There you stand. Eye to eye with the most feared and destructive urban legend ever alive. Godzilla. Standing next to the statue of this radiant reptile once and for all answers the question which nation is the greatest in downsizing: The country that miniaturizes seventy meters off brutality into half a meter of bronze. A country called Japan. It makes you wonder what they have done to those other giants, the Sumo’s.
The answer to this question is found a few kilometers Northeast of the Godzilla miniature in Ginza in a part of Tokyo called Ryogoku. In this neighborhood it becomes clear that the Japanese don’ stop at miniaturizing camera’s, cars, houses and monsters. They also shrink their mythical wrestler into a garden gnome. Cause once again you’re looking at a tiny statue. A Sumo wrestler caught in bronze of a size that makes you want to look around for Snow White and the other six dwarfs.
But instead of dwarfs, you’re bound to spot giants in Ryogoku. It being thé sumo district of Tokyo. Home of the National Sumo Stadium Kokugikan and numerous sumo stables. Walking the streets of Ryogoku is taking a chance to bump into half naked colossuses shopping for groceries, biking or taking a rest from their fierce training. Of course you can also find the giants working on their weight eating Chanko nabe at one of many restaurants run by former wrestlers.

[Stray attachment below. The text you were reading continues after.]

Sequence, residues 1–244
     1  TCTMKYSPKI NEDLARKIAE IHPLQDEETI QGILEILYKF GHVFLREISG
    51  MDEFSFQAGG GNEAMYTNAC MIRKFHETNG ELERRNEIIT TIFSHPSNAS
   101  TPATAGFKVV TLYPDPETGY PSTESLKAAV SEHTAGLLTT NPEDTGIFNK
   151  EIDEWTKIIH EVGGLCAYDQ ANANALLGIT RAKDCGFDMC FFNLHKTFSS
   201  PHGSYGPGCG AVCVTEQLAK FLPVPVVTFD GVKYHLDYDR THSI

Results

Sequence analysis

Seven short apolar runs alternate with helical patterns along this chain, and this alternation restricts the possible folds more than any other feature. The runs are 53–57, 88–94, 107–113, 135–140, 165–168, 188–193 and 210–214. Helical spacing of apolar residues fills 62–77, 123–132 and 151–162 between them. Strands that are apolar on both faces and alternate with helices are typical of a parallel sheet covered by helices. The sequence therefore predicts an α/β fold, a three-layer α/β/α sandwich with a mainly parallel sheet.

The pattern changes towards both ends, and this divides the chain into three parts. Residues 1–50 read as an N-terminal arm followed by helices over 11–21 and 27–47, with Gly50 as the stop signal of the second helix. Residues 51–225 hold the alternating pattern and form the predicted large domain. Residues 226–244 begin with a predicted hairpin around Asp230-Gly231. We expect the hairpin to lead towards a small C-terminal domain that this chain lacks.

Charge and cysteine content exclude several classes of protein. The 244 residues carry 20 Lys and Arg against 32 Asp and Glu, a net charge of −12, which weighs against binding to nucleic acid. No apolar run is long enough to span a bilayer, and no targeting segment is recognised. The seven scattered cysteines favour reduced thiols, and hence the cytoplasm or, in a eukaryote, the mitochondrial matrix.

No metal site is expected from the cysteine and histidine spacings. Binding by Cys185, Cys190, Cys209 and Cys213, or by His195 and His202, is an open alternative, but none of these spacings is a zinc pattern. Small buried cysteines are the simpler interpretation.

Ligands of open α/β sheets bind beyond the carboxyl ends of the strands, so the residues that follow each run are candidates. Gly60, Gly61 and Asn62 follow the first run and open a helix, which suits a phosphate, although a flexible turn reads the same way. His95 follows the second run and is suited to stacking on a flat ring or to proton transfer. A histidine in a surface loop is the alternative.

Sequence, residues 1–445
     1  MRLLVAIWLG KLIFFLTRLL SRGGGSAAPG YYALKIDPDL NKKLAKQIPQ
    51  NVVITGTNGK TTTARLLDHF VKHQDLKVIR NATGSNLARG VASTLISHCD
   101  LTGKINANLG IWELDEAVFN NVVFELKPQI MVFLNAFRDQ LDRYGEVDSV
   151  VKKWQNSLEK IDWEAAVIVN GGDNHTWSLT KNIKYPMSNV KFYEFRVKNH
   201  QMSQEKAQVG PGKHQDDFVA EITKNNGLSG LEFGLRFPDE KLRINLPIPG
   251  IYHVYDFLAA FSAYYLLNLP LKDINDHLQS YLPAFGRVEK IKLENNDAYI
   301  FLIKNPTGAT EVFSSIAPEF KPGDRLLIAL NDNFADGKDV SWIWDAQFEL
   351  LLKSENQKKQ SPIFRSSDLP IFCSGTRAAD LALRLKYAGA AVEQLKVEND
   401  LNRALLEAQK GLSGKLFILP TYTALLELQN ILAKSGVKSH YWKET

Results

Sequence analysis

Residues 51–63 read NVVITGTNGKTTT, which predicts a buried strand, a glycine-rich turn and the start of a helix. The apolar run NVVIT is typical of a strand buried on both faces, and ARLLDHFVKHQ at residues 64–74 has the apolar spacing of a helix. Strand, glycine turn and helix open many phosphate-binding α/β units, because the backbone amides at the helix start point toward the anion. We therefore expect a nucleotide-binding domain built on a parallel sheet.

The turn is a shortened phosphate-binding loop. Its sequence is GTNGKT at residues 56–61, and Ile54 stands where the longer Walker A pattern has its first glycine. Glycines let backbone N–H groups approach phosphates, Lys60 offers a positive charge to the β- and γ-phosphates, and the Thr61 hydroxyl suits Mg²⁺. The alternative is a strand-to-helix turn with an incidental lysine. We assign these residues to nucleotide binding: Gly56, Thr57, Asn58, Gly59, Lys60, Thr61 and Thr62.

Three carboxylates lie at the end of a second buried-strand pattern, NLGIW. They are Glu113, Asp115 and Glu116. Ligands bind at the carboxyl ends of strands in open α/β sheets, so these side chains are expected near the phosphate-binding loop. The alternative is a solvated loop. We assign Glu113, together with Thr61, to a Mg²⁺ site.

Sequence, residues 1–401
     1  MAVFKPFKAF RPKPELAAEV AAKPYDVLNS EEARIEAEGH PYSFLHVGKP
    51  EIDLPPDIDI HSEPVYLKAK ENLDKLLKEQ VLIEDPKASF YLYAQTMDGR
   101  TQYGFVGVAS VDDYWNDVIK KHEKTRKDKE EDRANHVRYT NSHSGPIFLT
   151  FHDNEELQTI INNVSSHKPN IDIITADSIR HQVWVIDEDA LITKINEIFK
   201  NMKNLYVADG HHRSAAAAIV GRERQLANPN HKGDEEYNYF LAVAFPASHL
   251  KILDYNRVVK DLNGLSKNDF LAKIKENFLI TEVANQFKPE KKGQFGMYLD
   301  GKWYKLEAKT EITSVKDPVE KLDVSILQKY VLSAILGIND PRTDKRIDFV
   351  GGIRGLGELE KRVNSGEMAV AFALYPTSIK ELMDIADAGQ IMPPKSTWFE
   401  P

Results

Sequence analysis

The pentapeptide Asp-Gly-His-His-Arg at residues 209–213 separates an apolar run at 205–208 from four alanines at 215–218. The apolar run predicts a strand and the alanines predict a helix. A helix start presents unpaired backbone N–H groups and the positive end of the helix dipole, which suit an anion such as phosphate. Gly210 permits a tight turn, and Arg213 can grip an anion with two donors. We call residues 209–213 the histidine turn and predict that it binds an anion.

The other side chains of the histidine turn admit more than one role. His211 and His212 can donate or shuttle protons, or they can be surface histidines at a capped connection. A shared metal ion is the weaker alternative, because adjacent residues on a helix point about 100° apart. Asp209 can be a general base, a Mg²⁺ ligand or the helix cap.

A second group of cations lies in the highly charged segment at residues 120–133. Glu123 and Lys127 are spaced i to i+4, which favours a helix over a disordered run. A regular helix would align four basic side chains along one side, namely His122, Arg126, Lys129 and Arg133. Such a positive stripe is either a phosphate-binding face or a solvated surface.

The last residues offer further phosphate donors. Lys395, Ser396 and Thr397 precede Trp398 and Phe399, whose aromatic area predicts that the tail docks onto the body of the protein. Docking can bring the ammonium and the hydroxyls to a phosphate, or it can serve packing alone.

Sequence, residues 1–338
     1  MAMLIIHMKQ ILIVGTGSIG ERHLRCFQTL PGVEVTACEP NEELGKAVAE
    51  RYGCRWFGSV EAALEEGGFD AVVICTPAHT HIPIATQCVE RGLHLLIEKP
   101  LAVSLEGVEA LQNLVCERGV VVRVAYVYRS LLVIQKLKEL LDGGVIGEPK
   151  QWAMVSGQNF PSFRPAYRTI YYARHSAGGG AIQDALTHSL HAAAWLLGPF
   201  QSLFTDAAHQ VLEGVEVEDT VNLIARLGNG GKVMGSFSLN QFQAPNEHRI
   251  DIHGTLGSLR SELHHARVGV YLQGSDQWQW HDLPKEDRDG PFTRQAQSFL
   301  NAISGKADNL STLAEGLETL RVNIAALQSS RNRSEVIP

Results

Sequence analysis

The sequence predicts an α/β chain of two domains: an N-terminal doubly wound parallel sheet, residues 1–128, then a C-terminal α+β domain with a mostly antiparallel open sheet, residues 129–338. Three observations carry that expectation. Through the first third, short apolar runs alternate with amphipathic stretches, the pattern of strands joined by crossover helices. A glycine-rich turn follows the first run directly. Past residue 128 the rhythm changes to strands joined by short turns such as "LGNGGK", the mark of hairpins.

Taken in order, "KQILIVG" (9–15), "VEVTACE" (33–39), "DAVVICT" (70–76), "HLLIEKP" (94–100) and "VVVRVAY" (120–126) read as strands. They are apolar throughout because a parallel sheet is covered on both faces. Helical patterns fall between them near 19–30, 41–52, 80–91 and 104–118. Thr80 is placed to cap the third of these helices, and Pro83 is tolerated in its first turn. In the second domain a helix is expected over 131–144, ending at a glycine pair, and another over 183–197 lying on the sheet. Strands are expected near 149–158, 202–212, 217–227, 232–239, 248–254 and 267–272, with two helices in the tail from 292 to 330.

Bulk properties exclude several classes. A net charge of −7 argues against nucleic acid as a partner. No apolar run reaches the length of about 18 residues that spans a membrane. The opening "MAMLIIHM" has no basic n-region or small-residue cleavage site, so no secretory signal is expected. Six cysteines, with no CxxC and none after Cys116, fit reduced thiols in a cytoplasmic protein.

Sumo wrestling, according to a number of young Japanese, is making a comeback. The ancient sport gives teenagers a counterweight to balance their national identity that have suffered under the weight of decades of economic stagnation and a diminishing global role of their country. Many young Japanese take pride in the traditions and ‘looks’ of sumo, thereby giving centuries of history a future.
Spotting the sumo stables when walking through Ryogoku is pretty hard. With all its alleys and side streets, it isn’t too hard to loose direction. Picking up a ‘stablemap’ at a hotel or downloading it on your phone helps, as does some luck. Luck to catch the steaming gladiators taking a break out on the street in front of their stable and luck to see them nod at your humble question about the possibility of sitting in on their training.
Once seated at the edge of the sand floor inside a nondescript building, you’ll be surprised by the speed and footwork of the sumo’s. These men take their training serious. They communicate without words. Practice their moves and bodies with deep concentration and fierceness. All for the ultimate goal: to win the Grand Sumo Tournament in the Kokugikan Sumo Hall around the corner.
To win a sumo game is to be one step closer to becoming Yokozuna, grand champion. To loose is taking a step backwards. This knowledge makes the earth tremble. It leaves you shaking when two enormous bodies collide in training, shocked with awe for these giants who guard a 2000 year old tradition.
Kokugikan Sumo Stadium
Museum opening hours: Weekdays from 10:00 to 16:30
Sumida, Tokyo, Japan
T: +81 3-3623-5111